While it is clearly possible to achieve high levels of processing performance in a portable laptop solution, the major limitation will be professional level I/O. There are few simple solutions, but a fair number of possible work-arounds.
The simplest solution that provides HD-SDI input to a laptop is the Motu V3HD. Connected via Firewire, it allows capture of digital and analog High-Definition video signals at DVCPro-HD quality. Limited to 1280 pixels in width, and 100Mb/s, this is a lower end HD solution, but bears mention none the less. I have not personally used one, but it is supposed to be compatible with Premiere Pro CS3, as well as Final Cut Pro. The data rate and processing requirements allow this format to be used on most high end consumer laptops, but those looking for full resolution 1920×1080 solutions must look farther.
The next solution is currently only available to Mac users in Final Cut Pro, but is a significant technological development. AJA’s “I/O HD” is a Firewire800 based solution that can capture and playback full resolution material, with 10bit color, in Apple’s new ProRES codec. Although not a PC based solution, it does enable mobile users to capture high quality, full resolution footage.
Anything beyond that will involve a bit of creativity, and what follows is highly speculative. Newer laptops have replaced PCMCIA card slots with ExpressCard slots. The new formfactor is much simpler, and has two basic internal variations. The slot has pins available to interface directly into the USB subsystem (480Mb/s) or directly into the Southbridge via the PCIe x1 interface (2000Mb/s). The PCIe interface provides an ExpressCard slot with enough bandwidth to support uncompressed HD video, at least 10bit 422 at 1080i/p. RGB 444 might even be possible at 24fps, but that would depend on how much overhead was imposed by the interface itself, among other things. This bandwidth has been utilized in the design of the ExpressCard option for the CalDigit HDPro, but having a single slot with the capability of transfering video at uncompressed data rates leaves us with a problem. If the ExpressCard slot is being used to connect some form of video I/O interface, how do I connect my storage at uncompressed speeds. Unless you find a laptop with two ExpressCard slots, you will not be able to use both at once. I guarantee that the capture card is necessary for realtime full resolution HD acquisition, so how can we do it without using the high speed storage? Compressing the video becomes the obvious solution. So a capture solutionis needed that allows realtime compression, and can be jury-rigged to connect to an ExpressCard slot at PCIe x1 bandwidth.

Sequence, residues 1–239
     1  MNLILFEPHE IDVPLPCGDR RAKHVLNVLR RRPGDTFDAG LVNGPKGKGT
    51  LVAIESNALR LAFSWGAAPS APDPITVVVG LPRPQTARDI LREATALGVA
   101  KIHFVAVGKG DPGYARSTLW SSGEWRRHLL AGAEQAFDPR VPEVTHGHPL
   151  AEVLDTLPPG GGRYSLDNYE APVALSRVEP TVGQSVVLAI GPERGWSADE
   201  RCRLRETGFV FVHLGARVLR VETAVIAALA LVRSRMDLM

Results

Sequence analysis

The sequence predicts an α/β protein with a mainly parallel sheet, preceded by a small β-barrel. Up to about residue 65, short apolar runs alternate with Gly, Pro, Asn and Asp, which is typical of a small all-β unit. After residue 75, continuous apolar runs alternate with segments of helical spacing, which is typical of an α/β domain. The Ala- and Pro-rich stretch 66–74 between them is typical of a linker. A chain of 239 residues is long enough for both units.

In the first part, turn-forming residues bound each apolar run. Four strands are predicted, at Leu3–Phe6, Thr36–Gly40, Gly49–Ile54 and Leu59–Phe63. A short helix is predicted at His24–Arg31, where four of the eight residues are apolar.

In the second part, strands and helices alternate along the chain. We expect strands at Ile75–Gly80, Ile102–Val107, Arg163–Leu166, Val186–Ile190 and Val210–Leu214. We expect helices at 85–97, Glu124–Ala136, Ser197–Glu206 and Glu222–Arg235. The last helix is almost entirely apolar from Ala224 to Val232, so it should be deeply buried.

A company named Magma has developed a solution that really opens up the available options. Their ExpressBox Pro product allows a PCIe card to be inserted and connected to a laptop via an ExpressCard slot. At the very least, PCIe x1 cards can be expected to work, and ideally higher end PCIe x4 based capture cards may function properly as well. After all, the HD video data itself is usually well under 200MB/s, depending on the specific settings and format.
The first option that comes to mind are the Intensity cards from BlackMagic Design. They allows full resolution capture of 1080i/p at up to 10bit color in the 422 YUV colorspace, over HDMI or analog on the Intensity Pro. Convienently, Blackmagic also makes an HD-SDI to HDMI converter, the HDLink, so we can use this to pump HD-SDI into the Intensity card. Blackmagic also has a MotionJPEG codec that we can capture directly into, so it would seem that they offer a fairly complete solution to our problem.